The court battle between Brookfield Multiplex and Cleveland Bridge over problems at Wembley Stadium is set to go another round, after the Court of Appeal granted permission for both sides to contest last year’s ruling.
The appeal could potentially be worth as much as another £5 million for the stadium’s main contractor Multiplex, which won almost £8 million in damages, interest and costs in the High Court trial against its former steelwork subcontractor.
The decision goes against the September ruling of High Court judge Lord Justice Jackson, who denied both sides leave to appeal and criticised them for not having settled the dispute sooner.
He described their inability to come to a resolution as like watching both sides “freewheeling down a hill [and] both bicycle off the end of a precipice and into the abyss”.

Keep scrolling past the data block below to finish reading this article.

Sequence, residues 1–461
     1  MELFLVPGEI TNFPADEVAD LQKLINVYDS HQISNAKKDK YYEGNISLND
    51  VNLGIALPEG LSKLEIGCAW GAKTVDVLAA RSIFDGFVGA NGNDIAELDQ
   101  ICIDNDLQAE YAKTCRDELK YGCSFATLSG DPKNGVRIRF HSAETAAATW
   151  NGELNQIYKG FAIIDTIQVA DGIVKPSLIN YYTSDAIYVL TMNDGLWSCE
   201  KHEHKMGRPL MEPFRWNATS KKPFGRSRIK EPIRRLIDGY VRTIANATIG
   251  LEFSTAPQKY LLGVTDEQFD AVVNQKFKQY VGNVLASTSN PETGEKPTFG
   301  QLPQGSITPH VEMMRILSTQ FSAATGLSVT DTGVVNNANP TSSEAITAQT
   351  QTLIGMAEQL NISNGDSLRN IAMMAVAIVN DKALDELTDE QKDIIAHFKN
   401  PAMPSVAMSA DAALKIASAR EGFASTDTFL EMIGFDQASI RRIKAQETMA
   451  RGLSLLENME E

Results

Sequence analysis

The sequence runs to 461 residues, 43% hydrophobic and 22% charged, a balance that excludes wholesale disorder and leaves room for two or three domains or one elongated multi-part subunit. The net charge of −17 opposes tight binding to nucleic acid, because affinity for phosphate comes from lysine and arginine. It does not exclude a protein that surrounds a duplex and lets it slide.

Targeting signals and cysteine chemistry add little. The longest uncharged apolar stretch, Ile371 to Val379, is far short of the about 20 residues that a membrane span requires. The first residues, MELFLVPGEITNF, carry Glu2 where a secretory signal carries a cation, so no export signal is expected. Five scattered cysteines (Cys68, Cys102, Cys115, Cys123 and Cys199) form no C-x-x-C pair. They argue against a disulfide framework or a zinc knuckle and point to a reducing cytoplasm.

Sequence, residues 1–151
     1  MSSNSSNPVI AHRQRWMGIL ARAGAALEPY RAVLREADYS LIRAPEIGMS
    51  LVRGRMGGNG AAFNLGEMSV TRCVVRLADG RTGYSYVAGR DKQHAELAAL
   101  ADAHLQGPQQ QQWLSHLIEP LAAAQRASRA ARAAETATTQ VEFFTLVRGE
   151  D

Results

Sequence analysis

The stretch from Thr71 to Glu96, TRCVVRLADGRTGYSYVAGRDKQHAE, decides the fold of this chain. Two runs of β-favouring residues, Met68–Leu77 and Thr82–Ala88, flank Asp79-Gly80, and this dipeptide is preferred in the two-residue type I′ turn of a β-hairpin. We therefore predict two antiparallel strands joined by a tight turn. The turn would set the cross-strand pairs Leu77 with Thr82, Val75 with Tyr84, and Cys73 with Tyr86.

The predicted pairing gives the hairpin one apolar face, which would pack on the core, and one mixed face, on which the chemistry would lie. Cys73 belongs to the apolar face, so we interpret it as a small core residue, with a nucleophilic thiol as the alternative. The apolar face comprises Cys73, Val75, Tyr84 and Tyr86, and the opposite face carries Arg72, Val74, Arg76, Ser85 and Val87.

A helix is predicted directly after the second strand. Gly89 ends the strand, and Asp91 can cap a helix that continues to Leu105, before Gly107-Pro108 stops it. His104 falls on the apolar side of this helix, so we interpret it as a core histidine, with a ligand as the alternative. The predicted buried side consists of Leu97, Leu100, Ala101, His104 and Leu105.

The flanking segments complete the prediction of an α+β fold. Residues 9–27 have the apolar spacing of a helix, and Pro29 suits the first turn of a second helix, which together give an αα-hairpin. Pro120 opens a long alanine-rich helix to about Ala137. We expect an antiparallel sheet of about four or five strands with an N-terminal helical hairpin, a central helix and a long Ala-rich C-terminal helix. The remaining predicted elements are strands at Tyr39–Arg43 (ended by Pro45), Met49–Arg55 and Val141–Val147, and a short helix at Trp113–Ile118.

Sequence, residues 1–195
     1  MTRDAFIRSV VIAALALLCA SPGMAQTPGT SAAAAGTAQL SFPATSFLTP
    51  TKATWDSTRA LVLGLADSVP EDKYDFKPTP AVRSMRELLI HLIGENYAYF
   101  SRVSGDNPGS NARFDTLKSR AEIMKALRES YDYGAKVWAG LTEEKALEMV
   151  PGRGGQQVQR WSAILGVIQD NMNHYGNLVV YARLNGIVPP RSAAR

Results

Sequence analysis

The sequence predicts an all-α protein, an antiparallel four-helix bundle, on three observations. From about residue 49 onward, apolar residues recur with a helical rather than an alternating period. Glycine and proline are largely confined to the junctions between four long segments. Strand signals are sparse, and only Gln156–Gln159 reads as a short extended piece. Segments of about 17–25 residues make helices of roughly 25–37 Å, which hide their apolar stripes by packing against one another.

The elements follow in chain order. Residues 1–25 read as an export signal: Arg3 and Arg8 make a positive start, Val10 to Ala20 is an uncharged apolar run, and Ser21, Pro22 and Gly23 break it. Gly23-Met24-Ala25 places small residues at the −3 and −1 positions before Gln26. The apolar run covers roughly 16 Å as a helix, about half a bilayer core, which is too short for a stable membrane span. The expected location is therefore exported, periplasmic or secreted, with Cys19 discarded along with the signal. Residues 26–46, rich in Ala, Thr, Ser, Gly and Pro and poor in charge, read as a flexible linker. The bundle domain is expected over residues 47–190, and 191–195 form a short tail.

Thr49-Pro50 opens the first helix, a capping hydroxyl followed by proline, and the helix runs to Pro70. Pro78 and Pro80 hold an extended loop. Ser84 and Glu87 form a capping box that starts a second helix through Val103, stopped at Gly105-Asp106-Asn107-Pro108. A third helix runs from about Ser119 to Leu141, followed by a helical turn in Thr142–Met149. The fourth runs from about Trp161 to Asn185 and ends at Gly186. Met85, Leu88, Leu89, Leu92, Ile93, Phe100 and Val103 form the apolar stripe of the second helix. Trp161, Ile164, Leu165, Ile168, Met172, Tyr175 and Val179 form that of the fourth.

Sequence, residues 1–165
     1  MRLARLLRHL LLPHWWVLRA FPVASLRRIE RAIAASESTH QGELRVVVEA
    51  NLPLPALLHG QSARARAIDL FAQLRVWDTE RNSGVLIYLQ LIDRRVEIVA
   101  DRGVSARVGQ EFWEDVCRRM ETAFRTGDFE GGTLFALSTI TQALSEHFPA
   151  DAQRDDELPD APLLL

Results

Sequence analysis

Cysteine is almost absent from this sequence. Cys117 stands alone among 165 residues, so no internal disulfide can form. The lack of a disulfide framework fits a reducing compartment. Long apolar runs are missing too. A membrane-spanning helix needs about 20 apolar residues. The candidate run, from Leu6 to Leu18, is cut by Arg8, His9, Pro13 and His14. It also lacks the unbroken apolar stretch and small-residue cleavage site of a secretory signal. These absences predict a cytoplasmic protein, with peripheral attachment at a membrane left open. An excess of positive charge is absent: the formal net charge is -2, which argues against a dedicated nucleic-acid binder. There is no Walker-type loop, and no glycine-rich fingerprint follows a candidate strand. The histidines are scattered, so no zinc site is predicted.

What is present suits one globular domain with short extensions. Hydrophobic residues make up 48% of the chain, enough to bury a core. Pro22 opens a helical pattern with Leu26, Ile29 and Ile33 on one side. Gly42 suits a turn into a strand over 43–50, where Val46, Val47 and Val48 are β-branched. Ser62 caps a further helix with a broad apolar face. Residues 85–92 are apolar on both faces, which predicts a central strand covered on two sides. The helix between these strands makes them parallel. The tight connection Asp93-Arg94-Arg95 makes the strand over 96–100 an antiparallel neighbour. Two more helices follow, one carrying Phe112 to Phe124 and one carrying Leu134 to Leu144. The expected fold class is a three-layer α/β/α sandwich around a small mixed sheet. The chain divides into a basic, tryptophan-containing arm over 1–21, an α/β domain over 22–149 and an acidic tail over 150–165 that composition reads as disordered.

Nevertheless both Multiplex and CBUK made applications to the Court of Appeal to override his decision.
The court has confirmed Multiplex will be allowed to contest all four grounds it felt were unfairly ruled on, not least the matter of legal costs, which has turned out to be one of the most significant points for financial gain in the entire case.
At September last year, the total legal costs of the long-running dispute were estimated to be about £22 million.
Lord Justice Jackson ruled CBUK should pay 20 per cent of Multiplex’s costs – an estimated £1.75 million of £9 million. But it is understood Multiplex will fight for 100 per cent of its costs to be paid, with the hope of achieving at least 60 per cent.
CBUK has also been given permission to appeal three “technical points”, but had permission to challenge another three grounds denied. The contractor said it had not yet decided whether it would follow through with legal action on the points it had applied to appeal.
Both sides have until 10 April to file their final bundles to the court, after which a listing officer will decide a date for the appeal to be heard.
Brookfield declined to comment on the case.